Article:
At Chesapeake Systems, we’re constantly showing editors, producers and other creatives the benefits of investing in infrastructure such as hardware, software, storage, workflow automation systems, or more.
We know that for those in the trenches, the need for this investment can be quite evident.
But how do you go about convincing the higher-ups, the decision-makers, that this is a justified expenditure for the company?
Framing your Argument
Making a financial investment to the tune of anywhere from $50,000 to $750,000 is significant.
Your first inclination might be to show how this new infrastructure will make your life better. But the decision maker (DM) already knows the inherent value of the technology. What they want you to tell them is how this purchase will contribute to the company’s bottom line. Will it save money? Will it help the company generate money? How much money?
The DM wants to know “What is the Return on Investment that will be derived from making this investment?”
For example, if you think your company would benefit from a shared storage system, research the following before approaching the DM:
What are you currently spending on a non-shared system?
How much data are you currently responsible for warehousing?
How much data are you generating daily/quarterly/annually on average?
How quickly is your storage requirement growing?
How much time is each department member spending in post production for a project?
How much time do they spend editing?
How much time is spent searching for uncatalogued files?
Addressing efficiencies is important – but make sure to talk about how working in a much more efficient environment can free up (insert amount) of hours. With this extra time, the current manpower will be able to complete (insert amount) additional projects, resulting in (insert amount) dollars in revenue for the company.
Here’s What Your Argument Doesn’t Look Like
“Having this shared storage system will be so convenient and make my life so much easier. I won’t have to waste time searching for files or waiting for files to open. It will improve my work life tremendously!”
What It Does Look Like
A shared storage system would be an excellent investment for our organization. We’re currently spending (insert appropriate amount) of dollars on a non-shared storage system. We’re paying (insert amount) annually for or team of employees. We estimate between A and Z hours are lost per quarter because we don’t have a shared storage system. We are responsible for warehousing (insert appropriate amount) of data. Every day we’re generating (insert appropriate amount) more data. Three years from now we will likely be generating (insert appropriate amount) of data. A shared storage system can cost anywhere from A to B. Losing any of the data we currently maintain could cause us to lose a customer. It could potentially cost our company anywhere from (insert appropriate range here) dollars. We’ve calculated we’re spending (insert amount) of money per month in searching for files. If we could recover that time, we could take on an extra project per quarter with our current manpower, which could boost our profit margin by (insert amount).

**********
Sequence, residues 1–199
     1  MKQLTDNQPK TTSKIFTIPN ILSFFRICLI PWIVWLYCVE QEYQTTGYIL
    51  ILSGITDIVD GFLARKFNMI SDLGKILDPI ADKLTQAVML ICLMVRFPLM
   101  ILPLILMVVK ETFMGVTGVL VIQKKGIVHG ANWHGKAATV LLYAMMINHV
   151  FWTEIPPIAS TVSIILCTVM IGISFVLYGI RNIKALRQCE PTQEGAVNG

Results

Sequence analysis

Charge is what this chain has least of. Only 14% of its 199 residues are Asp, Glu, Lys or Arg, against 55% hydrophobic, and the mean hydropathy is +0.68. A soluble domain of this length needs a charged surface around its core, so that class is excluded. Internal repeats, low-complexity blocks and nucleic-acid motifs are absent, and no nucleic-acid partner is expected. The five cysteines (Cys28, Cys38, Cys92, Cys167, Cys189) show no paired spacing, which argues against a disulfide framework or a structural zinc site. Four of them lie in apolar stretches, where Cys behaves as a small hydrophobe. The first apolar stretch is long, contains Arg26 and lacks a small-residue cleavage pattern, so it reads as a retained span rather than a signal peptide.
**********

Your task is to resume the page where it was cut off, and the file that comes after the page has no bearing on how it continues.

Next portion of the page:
It’s really all about the right approach. You need to show where efficiencies will be gained. You need to illustrate your cost structure to date, and project what future costs may be. Generating metrics is important because it starts to create a frame of reference for how people can look at a complex set of activities and workflows and relate it to the bottom line. Creating a “best case, worst case” scenario is also suggested. Don’t worry if you don’t have exact details and amounts – plug in realistic figures or a range of time, dollars, etc. If you explain that in the best case scenario you could lose 5% of production time searching for files and in the worst case, you lose 25%, it starts to create a narrative for why it makes sense to invest in new infrastructure. It paints a bigger picture perspective for those who don’t understand the day-to-day reality.
Another Solid Approach
In addition to ROI, our friends at AVPreserve have also given us another option for framing an argument for why new infrastructure will benefit your company. Chris Lacinak, principal of the data management consulting and software development firm, likes to focus on the Cost of Inaction (COI). How much will it cost the organization if you don’t change things up?
Here’s what the hypothetical COI might look like
You have 20 desktop hard drives with (insert amount) of data on them. You know that over the span of five years, at a minimum, one of those drives will fail and the content won’t be recoverable. The COI for not backing up your data will vary depending on which drive you lose. Be sure to present a low figure and a high figure for the cost of data recovery, to represent the less costly drive and the most costly. This will begin to illustrate a concrete monetary argument for what your exposure could be and show how investing in a storage system can shield your organization from this exposure.
Still have some questions about crafting your argument?
Chesapeake Systems loves the opportunity to consult with current or potential clients to develop talking points and help structure these conversations and arguments. We’re so confident in the efficiencies to be gained, the savings to be gained, and the additional revenue opportunities, that we’re happy to be a part of any conversation to identify solutions or provide you with the tools you need to present your argument to management.
Visit us at Chesa.com or call us at 410-752-7729.